Posted by Michael Andersen (Contributor) on May 10th, 2017 at 9:31 am
In 2009, the City of Portland set a goal that many people considered fanciful: one in four trips by bike citywide by 2030.
Eight years later, that’s exactly the ratio of car-owners in the Portland metro area who claim they’d swap their car trips for bike trips “if traffic congestion gets bad enough.”
That ratio held across racial and ideological lines, and was only slightly lower in Clark County, Wash., than on the Oregon side of the metro area. But it wasn’t consistent by gender, age, income or education: women, older people, higher-income people and more educated people were less likely to say they’d switch to biking.
Among Portland-area residents aged 18 to 34, 44 percent said they’d use a bike if congestion got bad enough.
The results came in a KATU-TV poll made public last month. The margin of error was plus or minus 4 percentage points.
None of the above figures included the 12 percent of Portland-area residents who said they don’t own a car.
A similar ratio of Portland-area residents, 25 percent, said they either “regularly” or “occasionally” ride a bike today. (One’s likelihood of riding at least “occasionally” was nearly identical across racial, ideological and income lines, and it held whether or not a person owned a car. But if you didn’t own a car or had a lower income, you were much more likely to report that you “regularly” rode a bike.)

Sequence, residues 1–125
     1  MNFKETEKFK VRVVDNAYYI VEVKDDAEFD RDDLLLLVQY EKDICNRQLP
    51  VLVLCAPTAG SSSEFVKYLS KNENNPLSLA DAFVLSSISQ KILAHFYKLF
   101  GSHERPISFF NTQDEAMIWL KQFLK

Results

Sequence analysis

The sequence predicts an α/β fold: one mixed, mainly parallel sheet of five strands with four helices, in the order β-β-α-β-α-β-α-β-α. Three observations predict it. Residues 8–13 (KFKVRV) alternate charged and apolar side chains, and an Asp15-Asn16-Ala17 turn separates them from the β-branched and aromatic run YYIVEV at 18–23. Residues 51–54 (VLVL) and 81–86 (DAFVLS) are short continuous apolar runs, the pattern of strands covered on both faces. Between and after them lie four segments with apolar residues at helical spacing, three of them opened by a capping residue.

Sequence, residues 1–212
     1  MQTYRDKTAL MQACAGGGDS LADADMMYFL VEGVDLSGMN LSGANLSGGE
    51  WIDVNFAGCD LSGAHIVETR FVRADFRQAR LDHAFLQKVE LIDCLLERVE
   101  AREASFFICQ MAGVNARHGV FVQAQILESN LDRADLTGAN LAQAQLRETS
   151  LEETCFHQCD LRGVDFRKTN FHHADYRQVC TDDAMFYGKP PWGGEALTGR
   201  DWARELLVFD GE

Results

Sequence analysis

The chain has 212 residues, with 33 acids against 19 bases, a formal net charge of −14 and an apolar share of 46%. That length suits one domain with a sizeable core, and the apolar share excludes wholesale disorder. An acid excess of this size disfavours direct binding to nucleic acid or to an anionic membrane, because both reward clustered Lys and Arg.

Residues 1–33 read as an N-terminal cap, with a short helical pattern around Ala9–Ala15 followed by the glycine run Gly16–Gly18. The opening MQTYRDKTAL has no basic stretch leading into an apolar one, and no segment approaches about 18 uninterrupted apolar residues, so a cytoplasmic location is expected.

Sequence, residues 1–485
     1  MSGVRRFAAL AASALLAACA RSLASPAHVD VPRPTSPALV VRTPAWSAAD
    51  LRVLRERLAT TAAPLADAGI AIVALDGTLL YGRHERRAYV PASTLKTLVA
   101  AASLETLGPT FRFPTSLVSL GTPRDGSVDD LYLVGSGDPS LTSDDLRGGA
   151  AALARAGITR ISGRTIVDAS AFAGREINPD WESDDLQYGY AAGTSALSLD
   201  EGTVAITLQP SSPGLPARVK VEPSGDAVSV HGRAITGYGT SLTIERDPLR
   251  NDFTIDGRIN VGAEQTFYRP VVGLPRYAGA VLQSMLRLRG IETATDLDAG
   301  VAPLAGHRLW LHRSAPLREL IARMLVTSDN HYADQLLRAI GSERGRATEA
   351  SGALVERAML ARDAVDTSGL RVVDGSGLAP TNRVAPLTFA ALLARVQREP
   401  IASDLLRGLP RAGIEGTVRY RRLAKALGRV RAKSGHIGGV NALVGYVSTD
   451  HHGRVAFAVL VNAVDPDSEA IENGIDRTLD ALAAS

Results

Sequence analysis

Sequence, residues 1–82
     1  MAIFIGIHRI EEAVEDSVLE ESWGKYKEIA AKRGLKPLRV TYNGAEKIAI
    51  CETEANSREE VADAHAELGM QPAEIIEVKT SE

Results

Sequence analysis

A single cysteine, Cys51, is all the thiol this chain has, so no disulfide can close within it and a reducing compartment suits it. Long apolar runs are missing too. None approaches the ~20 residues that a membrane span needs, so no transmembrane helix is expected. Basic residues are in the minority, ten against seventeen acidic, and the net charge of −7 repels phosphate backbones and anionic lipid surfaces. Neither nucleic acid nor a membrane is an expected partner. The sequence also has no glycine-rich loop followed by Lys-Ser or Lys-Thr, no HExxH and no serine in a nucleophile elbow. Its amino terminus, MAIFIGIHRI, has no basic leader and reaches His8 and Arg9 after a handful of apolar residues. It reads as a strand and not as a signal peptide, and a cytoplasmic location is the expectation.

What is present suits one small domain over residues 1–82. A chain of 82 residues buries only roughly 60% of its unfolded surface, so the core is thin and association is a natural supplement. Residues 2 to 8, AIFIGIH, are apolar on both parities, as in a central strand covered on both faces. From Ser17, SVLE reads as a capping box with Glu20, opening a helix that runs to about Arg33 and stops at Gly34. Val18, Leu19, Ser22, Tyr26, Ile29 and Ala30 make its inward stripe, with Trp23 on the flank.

It’s not clear if or how answers on this question have been changing over the years. And (cue the BikePortland haters) this isn’t an argument that traffic congestion is a good thing in its own right.
But it is a useful snapshot of how many people can conceive of switching to a bicycle for daily transportation.
As bike-skeptics love to point out, bicycles aren’t a solution for everyone. But they are, apparently, a possible solution for 25 percent of car owners. And that’s with the spaghetti-against-a-wall biking network the Portland area has today.
A couple other interesting findings from the survey:
About the same number of people said they would switch to a bike if gas prices got high enough
People under age 50 are more than twice as likely to endorse “widening highways” as the top priority for transportation funds
…but that’s still less popular than “maintaining and repairing existing roads.”
— Michael Andersen, (503) 333-7824 – email@example.com Thanks to Jessica Roberts for the tip.
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